Ninety percent of the Securities Industry and Financial Markets Association’s Economic Advisory Roundtable expect the Federal Open Market Committee to not increase interest rates tomorrow, and none of the members expect a British exit from the European Union on June 23. Two-thirds of the members surveyed predict a rate hike in the third quarter of this year.
SIFMA’s Economic Advisory Roundtable is made up of chief U.S. economists from 22 SIFMA member firms.
Close to half of the roundtable’s members say there will be only one rate hike this year, while the other half expect the Fed to raise rates twice this year—once in the summer and once in the fourth quarter.
Two-thirds of respondents expect two-to-three rate hikes in 2017, with the remainder expecting four. No one expects only one rate hike or any kind of rate cut next year.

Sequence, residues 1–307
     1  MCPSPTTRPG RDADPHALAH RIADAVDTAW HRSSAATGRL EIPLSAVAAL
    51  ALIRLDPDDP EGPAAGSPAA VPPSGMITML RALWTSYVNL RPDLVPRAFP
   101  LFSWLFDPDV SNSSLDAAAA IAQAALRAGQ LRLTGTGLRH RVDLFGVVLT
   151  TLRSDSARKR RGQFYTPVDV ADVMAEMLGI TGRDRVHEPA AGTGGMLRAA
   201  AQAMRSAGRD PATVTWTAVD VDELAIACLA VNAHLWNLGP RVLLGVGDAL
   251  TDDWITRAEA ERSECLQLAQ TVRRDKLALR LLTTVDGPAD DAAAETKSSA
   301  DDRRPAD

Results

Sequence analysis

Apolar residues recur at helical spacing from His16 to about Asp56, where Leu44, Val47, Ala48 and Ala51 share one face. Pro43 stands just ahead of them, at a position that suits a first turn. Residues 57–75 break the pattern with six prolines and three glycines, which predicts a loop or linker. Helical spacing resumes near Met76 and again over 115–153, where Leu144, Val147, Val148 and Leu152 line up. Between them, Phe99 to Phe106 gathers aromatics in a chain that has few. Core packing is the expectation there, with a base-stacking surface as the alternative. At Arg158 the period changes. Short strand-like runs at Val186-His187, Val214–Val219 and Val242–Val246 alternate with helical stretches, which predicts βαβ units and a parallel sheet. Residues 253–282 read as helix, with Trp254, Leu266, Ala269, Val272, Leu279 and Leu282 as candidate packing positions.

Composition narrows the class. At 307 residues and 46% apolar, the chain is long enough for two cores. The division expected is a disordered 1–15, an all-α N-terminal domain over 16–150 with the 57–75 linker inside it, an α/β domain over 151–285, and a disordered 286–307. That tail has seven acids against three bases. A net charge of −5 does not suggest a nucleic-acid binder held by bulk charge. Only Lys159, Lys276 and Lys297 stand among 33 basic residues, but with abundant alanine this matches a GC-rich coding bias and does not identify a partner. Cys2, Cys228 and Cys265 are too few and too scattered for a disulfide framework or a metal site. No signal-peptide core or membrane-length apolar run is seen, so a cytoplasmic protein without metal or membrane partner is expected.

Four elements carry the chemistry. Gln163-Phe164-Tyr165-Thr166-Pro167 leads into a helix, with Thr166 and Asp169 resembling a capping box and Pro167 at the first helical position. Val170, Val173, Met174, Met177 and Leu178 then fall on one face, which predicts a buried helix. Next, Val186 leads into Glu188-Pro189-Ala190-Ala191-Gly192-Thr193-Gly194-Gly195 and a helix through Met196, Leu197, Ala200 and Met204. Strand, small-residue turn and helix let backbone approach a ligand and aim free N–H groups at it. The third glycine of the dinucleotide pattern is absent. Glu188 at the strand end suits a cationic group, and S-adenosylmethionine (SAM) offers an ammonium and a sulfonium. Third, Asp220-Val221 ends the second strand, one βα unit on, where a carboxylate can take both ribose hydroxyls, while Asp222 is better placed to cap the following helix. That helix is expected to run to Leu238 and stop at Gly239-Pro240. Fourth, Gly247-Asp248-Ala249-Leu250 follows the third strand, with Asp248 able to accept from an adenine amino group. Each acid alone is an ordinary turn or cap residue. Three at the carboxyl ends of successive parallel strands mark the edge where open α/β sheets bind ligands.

“Asked when the Fed’s complete reinvestment policy would end, views were mixed, with responses ranging from the fourth quarter of 2016 to the second quarter of 2019, with most clustered around late 2017 or early 2018,” the SIFMA report said. “One respondent noted that, ‘the latest guidance from Dudley is that he would like to be ‘some ways’ above zero on the target rate before turning to the balance sheet. Taken at face value this would imply balance sheet remains steady for a few more years.’”
None of the roundtable members expect a Brexit, a United Kingdom exit from the EU, which goes to vote June 23.
“Concerns with recent polls going on now are partly feeding into what we might call ‘a mini melt-up’ in Treasury bond prices and German bund prices to where the rates are coming down,” said Stuart Hoffman, senior vice president and chief economist, PNC Financial Services Group, and chairman of SIFMA’s Economic Advisory Roundtable.
Overall, respondents predict U.S. GDP growth of 1.8 percent this year, a downward revision from 2.5 percent that was forecast in the year-end 2015 survey. This was due to weaker than expected growth in the first half of the year. GDP is expected to strengthen to 2.3 percent in 2017.